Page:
The Forest Stewards Guild research program carries out the Guild's mission by synthesizing and conducting scientific research to support our science based advocacy, field meetings, Model Forests, and members' land stewardship. Science goes hand in hand with Guild member's place-based experience to guide the practice of ecologically, economically, and socially responsible forestry. Guild research plays a key role as a moderating voice in forest debates because we strive to balance the ecological and economic concerns that are often in conflict. We develop informational resources that help people and communities who are engaged in forest stewardship. We also assist research scientists and organizations in incorporating the place-based experiential knowledge, perspectives, and needs of foresters and other natural resource professionals.
Current Research at the Guild
Climate Change, Carbon, and Forests
The Guild research seeks to identify how forests and forestry can resist the impacts of climate change, mitigate its effects, and adapt to changing conditions. Our 2020 synthesis report, Moving the Needle: A Review of Needs to Increase Climate Adaptation in the Forests of New England, provides an update on how forest managers are adapting forests to the changing climate today, as well as steps for overcoming barriers to forest climate adaptation.
The Guild has worked for more than a decade to establish science-based guidelines for use of forest biomass for energy. Our expertise is in the forest, so our work has focused on understanding how the forest should look after a harvest. A series of science-synthesis reports documented the importance of dead wood in Northeast, Southeast, Pacific Northwest, and Californian forests. Based on the need for snags, large downed logs, fine woody material, and other forest elements, and a review of existing guidelines, we developed biomass harvesting guidelines:
Wildfire and Communities
In fire-adapted forests, understanding wildfire and its impacts on ecosystems and communities is one of the central forest management challenges of our generation. The Guild’s research has touched a range of the issues as follows:
- Our report on fuel treatments in Southwestern mixed conifer forests has helped managers plan treatments and return fire to this forest type.
- Our work on treatment effectiveness in the wildland urban interface helped raise the bar for community wildfire protection plans.
- In collaboration with the US Forest Service and Santa Clara Pueblo, we examined the ecological effects of slash pile burning.
- More recently, our work has focused on reducing unplanned human caused wildfires and encouraging prescribed fire on private lands.
- We are working with partners including The Nature Conservancy on post-fire impacts, response, and ecological trajectories
Prescribed Fire and Management of Wildfires
Prescribed fire is a crucial tool for restoring forests and protecting from negative fire effects. The Guild is engaged in research to understand how to facilitate more prescribed fire, particularly for private landowners. For more information, see the report Prescribed Fire on Private Land in New Mexico. We are also working with a research team from the US Forest Service and Northern Arizona University to understand how managers can use naturally ignited wildfires to benefit forests and communities.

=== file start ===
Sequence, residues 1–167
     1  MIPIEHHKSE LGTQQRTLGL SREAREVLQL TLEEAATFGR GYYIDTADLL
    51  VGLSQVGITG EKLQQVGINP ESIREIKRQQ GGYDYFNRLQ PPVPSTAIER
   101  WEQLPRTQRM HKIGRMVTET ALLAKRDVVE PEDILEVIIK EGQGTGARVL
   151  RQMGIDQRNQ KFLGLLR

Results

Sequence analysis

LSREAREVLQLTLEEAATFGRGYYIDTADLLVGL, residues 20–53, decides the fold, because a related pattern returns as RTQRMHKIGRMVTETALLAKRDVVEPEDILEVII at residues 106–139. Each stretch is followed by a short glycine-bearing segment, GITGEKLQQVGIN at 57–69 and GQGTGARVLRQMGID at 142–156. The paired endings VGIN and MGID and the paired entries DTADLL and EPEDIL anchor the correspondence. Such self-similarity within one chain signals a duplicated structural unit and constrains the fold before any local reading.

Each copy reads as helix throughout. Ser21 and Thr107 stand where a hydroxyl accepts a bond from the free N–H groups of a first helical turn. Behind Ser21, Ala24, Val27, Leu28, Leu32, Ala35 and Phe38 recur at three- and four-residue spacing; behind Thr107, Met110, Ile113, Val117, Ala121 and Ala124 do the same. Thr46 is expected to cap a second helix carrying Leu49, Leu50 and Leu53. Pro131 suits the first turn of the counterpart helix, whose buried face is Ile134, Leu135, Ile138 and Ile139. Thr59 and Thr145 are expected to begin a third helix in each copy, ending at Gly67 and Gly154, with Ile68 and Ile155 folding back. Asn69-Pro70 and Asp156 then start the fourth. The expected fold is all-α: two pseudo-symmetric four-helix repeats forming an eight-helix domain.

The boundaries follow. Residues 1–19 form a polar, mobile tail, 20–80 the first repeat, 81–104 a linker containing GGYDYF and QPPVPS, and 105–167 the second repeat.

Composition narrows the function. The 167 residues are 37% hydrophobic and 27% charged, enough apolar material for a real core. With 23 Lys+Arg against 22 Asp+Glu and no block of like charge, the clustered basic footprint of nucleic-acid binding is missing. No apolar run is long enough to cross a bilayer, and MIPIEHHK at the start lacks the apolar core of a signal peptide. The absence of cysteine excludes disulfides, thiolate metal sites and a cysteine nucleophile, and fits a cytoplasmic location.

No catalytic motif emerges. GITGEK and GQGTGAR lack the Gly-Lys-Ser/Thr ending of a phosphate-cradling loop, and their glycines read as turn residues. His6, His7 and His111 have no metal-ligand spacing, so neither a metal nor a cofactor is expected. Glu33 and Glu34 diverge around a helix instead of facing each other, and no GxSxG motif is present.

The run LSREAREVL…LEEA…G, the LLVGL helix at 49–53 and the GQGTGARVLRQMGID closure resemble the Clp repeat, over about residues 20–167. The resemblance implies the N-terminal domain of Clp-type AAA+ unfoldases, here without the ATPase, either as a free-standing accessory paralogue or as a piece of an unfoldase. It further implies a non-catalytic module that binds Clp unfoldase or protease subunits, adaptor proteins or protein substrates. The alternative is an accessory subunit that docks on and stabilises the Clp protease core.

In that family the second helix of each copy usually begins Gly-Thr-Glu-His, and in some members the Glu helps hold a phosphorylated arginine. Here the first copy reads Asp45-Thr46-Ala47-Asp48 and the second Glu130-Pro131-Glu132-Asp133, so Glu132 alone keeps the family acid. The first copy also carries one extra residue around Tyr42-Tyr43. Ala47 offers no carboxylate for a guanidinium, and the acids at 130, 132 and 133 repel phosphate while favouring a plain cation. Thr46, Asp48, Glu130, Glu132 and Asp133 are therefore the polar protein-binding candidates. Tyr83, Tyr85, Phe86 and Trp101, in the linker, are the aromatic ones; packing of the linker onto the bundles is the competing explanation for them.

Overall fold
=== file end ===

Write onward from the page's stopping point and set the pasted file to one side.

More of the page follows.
The Guild is committed to supporting ecological forestry, which requires a firm scientific foundation. Often this means synthesizing existing research and presenting it in a format useful to managers and landowners. For example, we are working with partners to encourage conservation and holistic management in wetland forests as described in the report Ecological Forestry Practices for Bottomland Hardwood Forests. In some cases, economic factors determine whether or not forests are managed in an ecologically responsible manner. In Wisconsin, we studied how forest practices and range of constraints on harvesting is affecting forests and forestry and published a report.
Research and management publications
2021 Wildfire Season: An Overview, July 2022
Investing in Wildfire Prevention. May 2021.
For Foresters: Ten Recommendations for Managing Ash, July 2020.
Monitoring Update: Restoration Objectives in the Zuni Mountains CFLR Landscape, March 2020.
Prescribed Fire on Private Land in New Mexico, December 2019
Putting Good Fire on the Ground: Rio Trampas TREX, October 2017
Home Hazard Assessment Guide, March 2017
Home Hazard Assessment Worksheet, July 2017 (to be used with the guide)
Rhode Island Woodland Partnership Strategic Plan, January 2017
Fire as an Ecosystem Process: The Black Lake Burn, December 2016
2014 Wildfire Season: An Overview, Southwestern U.S., August, 2015
2013 Wildfire Season: An Overview, Southwestern U.S., February, 2014
Restoration and Resilience in New Jersey's Forests, February, 2014
Ecology of Dead Wood in the Southeast, February 2011
Carbon Accounting and Management of Lying Dead Wood, January 2011
Ecology of Dead Wood in the Northeast, June, 2010
Valle Grande II Collaborative Restoration Project Socioeconomic Monitoring Report, January 2009 (link coming soon)
An Assessment of Biomass Harvesting Guidelines, January 2009
Synthesis of Knowledge from Biomass Removal Case Studies, September 2008
Harnessing the Power of Local Wood Energy, August 2008
Community Owned Forests: An Example from the Southwest, December 2007
State of the National Fire Plan, April 2004
Traditional Ecological Knowledge: Informing Bosque Restoration at Tesuque Pueblo, 2004 (link coming soon)